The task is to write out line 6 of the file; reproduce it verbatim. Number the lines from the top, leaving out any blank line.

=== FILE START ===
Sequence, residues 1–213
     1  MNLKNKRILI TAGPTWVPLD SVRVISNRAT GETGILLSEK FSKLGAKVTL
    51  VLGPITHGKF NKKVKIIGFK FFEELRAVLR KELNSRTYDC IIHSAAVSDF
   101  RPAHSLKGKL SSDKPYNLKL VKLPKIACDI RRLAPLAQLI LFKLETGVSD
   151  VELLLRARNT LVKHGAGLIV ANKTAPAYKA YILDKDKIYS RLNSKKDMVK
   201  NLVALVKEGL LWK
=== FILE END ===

   201  NLVALVKEGL LWK